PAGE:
This study is currently focused upon the United Kingdom, with the intention of its early expansion to worldwide status. The surname is widely accepted as being locative for the ancient town of Rotherham, in South Yorkshire.
The surname is registered with the Surname Society and the Guild of One-Name Studies.
The earliest written record of the name of Rodreham is contained in the Domesday Book (1086), which is thought to mean a “homestead or village on the River Rother”. The River name is rooted in the Celtic, meaning “chief river”, coupled with the Old English ham, meaning village or settlement.
There are approximately 1000 people named Rotherham in the United Kingdom. That means it is the 6,821th most common surname overall. Out of every million people in the United Kingdom, approximately 19 are named Rotherham. If the Rotherhams were a breed of dog, they would be close to being categorized as “endangered”!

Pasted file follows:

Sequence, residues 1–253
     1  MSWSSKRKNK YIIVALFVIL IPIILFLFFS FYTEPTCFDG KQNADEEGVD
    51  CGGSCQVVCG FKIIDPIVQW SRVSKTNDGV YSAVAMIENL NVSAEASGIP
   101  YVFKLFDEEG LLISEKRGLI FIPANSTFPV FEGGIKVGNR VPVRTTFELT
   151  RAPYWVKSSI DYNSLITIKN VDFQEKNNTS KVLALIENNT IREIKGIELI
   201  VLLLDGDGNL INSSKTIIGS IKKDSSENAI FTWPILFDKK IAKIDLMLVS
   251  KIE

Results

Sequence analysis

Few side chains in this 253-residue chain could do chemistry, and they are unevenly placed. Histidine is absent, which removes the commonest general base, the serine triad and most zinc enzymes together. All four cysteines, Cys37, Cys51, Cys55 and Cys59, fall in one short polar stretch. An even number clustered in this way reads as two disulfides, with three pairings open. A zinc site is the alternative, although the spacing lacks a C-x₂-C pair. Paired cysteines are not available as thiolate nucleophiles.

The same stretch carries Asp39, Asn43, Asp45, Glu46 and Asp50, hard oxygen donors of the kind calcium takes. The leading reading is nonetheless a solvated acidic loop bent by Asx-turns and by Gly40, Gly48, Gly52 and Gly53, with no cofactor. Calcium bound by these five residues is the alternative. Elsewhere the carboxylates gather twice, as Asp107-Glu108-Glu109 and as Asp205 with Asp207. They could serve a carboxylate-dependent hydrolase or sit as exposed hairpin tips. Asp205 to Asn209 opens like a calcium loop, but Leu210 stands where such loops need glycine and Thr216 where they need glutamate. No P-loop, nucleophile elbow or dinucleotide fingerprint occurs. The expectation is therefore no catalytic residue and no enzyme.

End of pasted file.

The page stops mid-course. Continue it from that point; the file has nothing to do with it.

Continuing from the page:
Despite its English roots, the surname occurs most frequently in New Zealand (25 per million), the Horowhenua District having by far the highest density (176 per million) of anywhere in the World.
Distribution of the Name
Historically (1881 Census), the name was most heavily concentrated in Derbyshire (160 per million) with other counties having fewer than half that number. Nowadays, the distribution is more diverse, with East Yorkshire being the highest (149 per million), followed by Merseyside (134 per million) and County Durham (102 per million). The density in Derbyshire has fallen dramatically to 94 per million.
The most common variant is Rotheram (without the aspirate), although all variants of the name are considered to be deviant in character, i.e. derived from incorrect recording of the genuine spelling..